Build a wall, lol.
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by Jemane » Wed Nov 09, 2016 3:42 pm

I grew up in a cult and the leaders stopped my suicidally depressed father from seeking medical help for his illness as psychiatry was 'evil'. He almost killed himself but we stopped him and disobeyed our cult leaders by getting him admitted to hospital (our first act of defiance against the cult which helped up to eventually move on from it). It made me so angry.
I then became a leader/preacher in a Pentecostal church (complete with tongues, prophesy, arm waving etc etc) and when I became unwell and very depressed was told I just needed to pray more.
Needless to say I'm now an atheist bordering on anti-theist, but like pancake I respect people who have beliefs (as long as these beliefs don't hurt anyone).
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by mom6 » Sat Nov 12, 2016 2:17 am

Ducks mom, thank you 4 sharing that story. I know it must hurt tremendously. I Also experienced Christian rejection. How sad to lose one of your supports. We all know how precious those can be. My son's friends father picked him up an hour I told him I was bipolar. I did not particularly care about his friendship but I cared about my son's friendship. It just made me cry for him. I am Proud that you stuck up for yourself to a very holier than thou person. I Don't care other peoples version of God. My God doesn't work like that. Your friend must be under a lot of pressure if her god is that vindictive. I am glad that you are weeding out the people in your life do not help you.I am weeding some of my own.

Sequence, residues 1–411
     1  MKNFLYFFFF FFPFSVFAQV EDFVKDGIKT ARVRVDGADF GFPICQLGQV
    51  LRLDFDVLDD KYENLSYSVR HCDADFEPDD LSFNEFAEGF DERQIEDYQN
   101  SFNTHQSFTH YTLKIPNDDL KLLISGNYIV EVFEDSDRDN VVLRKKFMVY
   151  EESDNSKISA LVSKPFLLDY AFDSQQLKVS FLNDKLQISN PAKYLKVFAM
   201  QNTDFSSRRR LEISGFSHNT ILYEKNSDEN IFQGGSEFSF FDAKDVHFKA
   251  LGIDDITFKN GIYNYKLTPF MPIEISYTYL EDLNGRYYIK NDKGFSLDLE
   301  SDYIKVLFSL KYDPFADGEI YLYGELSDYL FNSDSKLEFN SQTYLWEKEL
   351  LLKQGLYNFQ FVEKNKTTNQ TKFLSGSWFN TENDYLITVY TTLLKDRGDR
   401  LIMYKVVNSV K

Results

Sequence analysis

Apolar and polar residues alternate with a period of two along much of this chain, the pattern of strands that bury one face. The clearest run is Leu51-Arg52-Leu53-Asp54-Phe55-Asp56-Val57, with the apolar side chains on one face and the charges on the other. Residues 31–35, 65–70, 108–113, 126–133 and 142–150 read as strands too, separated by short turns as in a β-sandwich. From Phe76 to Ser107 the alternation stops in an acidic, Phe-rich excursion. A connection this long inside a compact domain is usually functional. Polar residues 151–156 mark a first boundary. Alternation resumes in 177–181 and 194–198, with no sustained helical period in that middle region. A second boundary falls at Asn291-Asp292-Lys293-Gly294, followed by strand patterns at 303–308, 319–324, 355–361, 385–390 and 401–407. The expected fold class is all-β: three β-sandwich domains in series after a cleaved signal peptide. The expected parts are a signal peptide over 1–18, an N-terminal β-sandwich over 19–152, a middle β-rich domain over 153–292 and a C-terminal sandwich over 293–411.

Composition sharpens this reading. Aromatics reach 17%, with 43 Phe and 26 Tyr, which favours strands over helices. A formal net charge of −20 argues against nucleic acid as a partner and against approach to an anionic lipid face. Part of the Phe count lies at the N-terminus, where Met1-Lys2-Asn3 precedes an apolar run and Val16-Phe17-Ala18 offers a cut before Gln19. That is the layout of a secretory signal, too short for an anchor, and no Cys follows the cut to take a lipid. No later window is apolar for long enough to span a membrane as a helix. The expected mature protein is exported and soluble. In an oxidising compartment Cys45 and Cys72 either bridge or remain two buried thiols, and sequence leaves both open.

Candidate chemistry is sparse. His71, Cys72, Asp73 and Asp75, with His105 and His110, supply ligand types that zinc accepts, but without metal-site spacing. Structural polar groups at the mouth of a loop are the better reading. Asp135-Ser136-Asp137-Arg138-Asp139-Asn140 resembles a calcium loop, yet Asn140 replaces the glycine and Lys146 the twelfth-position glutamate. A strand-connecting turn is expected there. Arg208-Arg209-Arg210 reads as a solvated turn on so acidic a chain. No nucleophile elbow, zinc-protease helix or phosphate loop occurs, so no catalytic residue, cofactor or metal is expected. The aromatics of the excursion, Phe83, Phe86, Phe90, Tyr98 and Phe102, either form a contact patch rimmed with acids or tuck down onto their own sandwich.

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by robinrules » Sat Nov 19, 2016 6:07 am

Caught a bad cold so I been away from the group. I am back. Missed you guys. Been there done that with religious folks. They are fake people of God. They are so uneducated with mental illness. When I would have asthma problems, they would say see a doctor take your asthma meds. But not mental illness. That is why so many church folks commit suicide. My belief is God gave me bipolar to help others with mental illness. I don't answer to man just God. I still follow my treatment plan because I can't help others if I am sick. You do you forget them church folk.
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by Sandyal » Sun Nov 20, 2016 7:48 pm

Please don't lose your faith. I am a member of an independent Baptist church. Gasp! My daughter was recently diagnosed. I have talked to my pastor and his wife on several occasions about her and my little brother,who has paranoid schizophrenia. They have both been so supportive. I am thankful that they are not ignorant about mental health issues. They both agree that a combination of therapy and/ or meds should be utilized. Also, I'm finding out that bp is a lot more common than most people realize. I personally don't believe that you have to go to church to have a relationship with God. I will be praying for you to stay strong.
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by Question » Tue Dec 20, 2016 5:01 pm

New to forum and just saw this and thought it was interesting.
I'm not BP. Just had someone in my life who was.
I just wanted to put it out there
1) I know some with bp have a hard time accepting diagnosis. Do you think family and friends do too and maybe it's not really about religion.